Update on the latest in business:

^FINANCIAL MARKETS

Asian markets mixed ahead of central banks’ rate decisions

SINGAPORE (AP) — Asian stocks were mixed today as caution set in ahead of interest rate decisions by the U.S. Federal Reserve and other central banks.

Japan’s benchmark Nikkei 225 eased 0.7% while South Korea’s Kospi rose 0.4%. Hong Kong’s Hang Seng picked up 0.9% and the Shanghai Composite index was 0.1% lower. Australia’s S&P ASX 200 added 0.6%. Shares rose in Taiwan and in most of Southeast Asia.

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Yesterday on Wall Street, the S&P 500 index edged 0.1% higher to 2,889.67 and the Dow Jones Industrial Average also rose 0.1% to 26,112.53. The Nasdaq composite climbed 0.6% to 7,845.02. The Russell 2000 index of smaller company stocks added 0.7% to 1,532.75.

^FED COMMITTEE

Fed committee meets for 2 days

UNDATED (AP) _ The U.S. Federal Open Market Committee will hold a two-day meeting starting today.

Traders will keep a close watch on a policy statement, to be released Wednesday, and a news conference held by Fed Chairman Jerome Powell shortly after that.

Powell will likely stick to the theme of a speech he made earlier this month: That the Fed will act if it thinks the Trump administration’s trade conflicts are threatening the U.S. economy.

^NATIONAL GAS PIPELINE-PROJECT

Land swap may allow pipeline to cross Appalachian Trail

ROANOKE, Va. (AP) — A land swap with the federal government could allow a developer to install a natural gas pipeline that crosses the Appalachian Trail.

The Roanoke Times reports details of the deal were disclosed Monday in a U.S. Securities and Exchange Commission filing. The U.S. Department of the Interior could allow the Mountain Valley Pipeline to cross the Appalachian Trail in exchange for property that Mountain Valley owns next to the Jefferson National Forest.

The developer plans to cross the trail at the top of Peters Mountain, near the Virginia-West Virginia line. The pipeline is expected to be more than 300 miles (483 kilometers) long.

Several federal agencies would have to approve the land swap. The move would push the project’s completion to next year, and increase the cost to $5 billion.

^STEEL PLANT-POLLUTION

Fire triggers pollution concerns at US Steel coke plant

The second fire in six months at U.S. Steel’s massive coke plant outside Pittsburgh knocked a key pollution control system offline Monday, triggering a health warning as officials monitored the air around the plant for signs of a release of toxic sulfur dioxide.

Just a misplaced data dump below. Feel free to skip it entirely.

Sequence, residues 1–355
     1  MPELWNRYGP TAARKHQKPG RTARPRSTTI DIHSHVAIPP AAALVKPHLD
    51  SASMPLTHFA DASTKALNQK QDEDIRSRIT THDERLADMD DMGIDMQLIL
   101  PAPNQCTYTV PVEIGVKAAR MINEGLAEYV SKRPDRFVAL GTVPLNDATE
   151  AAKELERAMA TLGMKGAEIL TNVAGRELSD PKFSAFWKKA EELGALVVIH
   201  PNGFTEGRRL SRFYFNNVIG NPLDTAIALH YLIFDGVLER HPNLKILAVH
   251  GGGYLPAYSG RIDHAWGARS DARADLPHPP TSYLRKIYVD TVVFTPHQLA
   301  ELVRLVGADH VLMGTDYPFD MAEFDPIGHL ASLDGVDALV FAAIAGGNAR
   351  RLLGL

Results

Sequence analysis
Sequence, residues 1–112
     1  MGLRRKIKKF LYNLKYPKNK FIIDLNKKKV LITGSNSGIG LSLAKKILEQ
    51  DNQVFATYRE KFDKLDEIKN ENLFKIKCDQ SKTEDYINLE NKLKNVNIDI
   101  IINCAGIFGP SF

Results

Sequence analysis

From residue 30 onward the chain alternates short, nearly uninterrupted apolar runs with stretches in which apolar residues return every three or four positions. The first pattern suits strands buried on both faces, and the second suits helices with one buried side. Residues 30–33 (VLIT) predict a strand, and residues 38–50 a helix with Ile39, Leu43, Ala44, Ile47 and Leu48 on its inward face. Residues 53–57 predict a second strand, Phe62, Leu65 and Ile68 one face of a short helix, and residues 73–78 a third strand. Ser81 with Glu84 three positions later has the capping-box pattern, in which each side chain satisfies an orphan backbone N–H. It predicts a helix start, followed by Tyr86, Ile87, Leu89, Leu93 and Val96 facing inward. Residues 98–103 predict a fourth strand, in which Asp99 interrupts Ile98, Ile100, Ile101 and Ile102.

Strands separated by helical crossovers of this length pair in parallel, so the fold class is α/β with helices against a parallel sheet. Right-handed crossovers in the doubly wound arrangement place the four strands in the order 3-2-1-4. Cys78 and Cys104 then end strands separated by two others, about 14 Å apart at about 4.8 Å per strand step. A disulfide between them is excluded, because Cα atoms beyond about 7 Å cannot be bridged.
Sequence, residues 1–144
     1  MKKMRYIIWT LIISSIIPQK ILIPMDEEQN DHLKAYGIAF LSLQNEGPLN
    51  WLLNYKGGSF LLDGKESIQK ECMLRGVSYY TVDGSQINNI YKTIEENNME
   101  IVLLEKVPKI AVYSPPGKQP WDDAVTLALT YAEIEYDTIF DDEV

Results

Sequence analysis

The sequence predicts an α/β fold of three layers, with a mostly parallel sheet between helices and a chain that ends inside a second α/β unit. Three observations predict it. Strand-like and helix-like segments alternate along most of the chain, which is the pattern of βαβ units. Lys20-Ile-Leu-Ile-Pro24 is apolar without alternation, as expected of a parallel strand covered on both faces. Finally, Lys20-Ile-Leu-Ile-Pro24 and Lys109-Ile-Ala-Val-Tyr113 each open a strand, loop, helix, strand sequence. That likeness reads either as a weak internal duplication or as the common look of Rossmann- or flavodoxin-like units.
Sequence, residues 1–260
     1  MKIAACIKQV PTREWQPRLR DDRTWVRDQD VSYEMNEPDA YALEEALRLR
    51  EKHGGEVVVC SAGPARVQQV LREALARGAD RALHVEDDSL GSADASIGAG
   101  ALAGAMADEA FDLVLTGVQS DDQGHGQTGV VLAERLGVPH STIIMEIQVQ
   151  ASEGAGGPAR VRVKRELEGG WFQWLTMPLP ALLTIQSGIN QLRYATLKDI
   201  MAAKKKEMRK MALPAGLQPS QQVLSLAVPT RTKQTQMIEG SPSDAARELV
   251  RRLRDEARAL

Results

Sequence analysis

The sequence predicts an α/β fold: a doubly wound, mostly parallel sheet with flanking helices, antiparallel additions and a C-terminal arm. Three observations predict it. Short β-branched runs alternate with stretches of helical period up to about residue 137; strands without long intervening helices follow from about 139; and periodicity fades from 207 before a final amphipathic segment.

The Allegheny County Health Department threatened to shut down the plant unless U.S. Steel acts quickly to fix its damaged equipment, while elected officials and environmental groups alike chastised the Pittsburgh-based steelmaker. A Christmas Eve fire in the same area of the plant caused $40 million in damage and significant releases of sulfur dioxide, a pungent byproduct of fossil fuel combustion that can make it hard to breathe.

^BRAZIL-ODEBRECHT-BANKRUPTCY

Brazil’s Odebrecht files for bankruptcy protection

RIO DE JANEIRO (AP) — Brazilian construction giant Odebrecht says it is filing for bankruptcy protection to restructure $13 billion in debt.

Odebrecht sent a statement Monday saying it filed the request for bankruptcy protection that same day. The debt restructuring is one of the largest ever filed in Brazil.

Odebrecht has been at the center of Operation Car Wash, the country’s largest-ever corruption investigation that revealed a kickback scheme between politicians and construction firms that had become systematic in Brazil.

In December 2016, Odebrecht and one of its petrochemical subsidiaries pleaded guilty and settled with authorities in the U.S., Brazil and Switzerland on a $3.5-billion fine.

^SPORTS ILLUSTRATED-LICENSING DEAL

Small media company to run Sports Illustrated for new owner

NEW YORK (AP) — The company that recently bought Sports Illustrated has found someone to run it: a small media company called Maven.

Authentic Brands Group bought Sports Illustrated from publishing giant Meredith last month. At the time, the companies said Meredith would run the magazine and the SI.com website for at least two years under a licensing deal.

But in a filing Monday, Maven said it has a licensing deal for Sports Illustrated magazine and the website. It says Ross Levinsohn, former publisher of the Los Angeles Times, would be CEO of the licensed business.

Maven says its deal runs through 2029 and may be renewed. Terms were not disclosed, but Maven paid $45 million up front.

Meredith said in a statement Monday that it has achieved its “goal of a completed transaction.”

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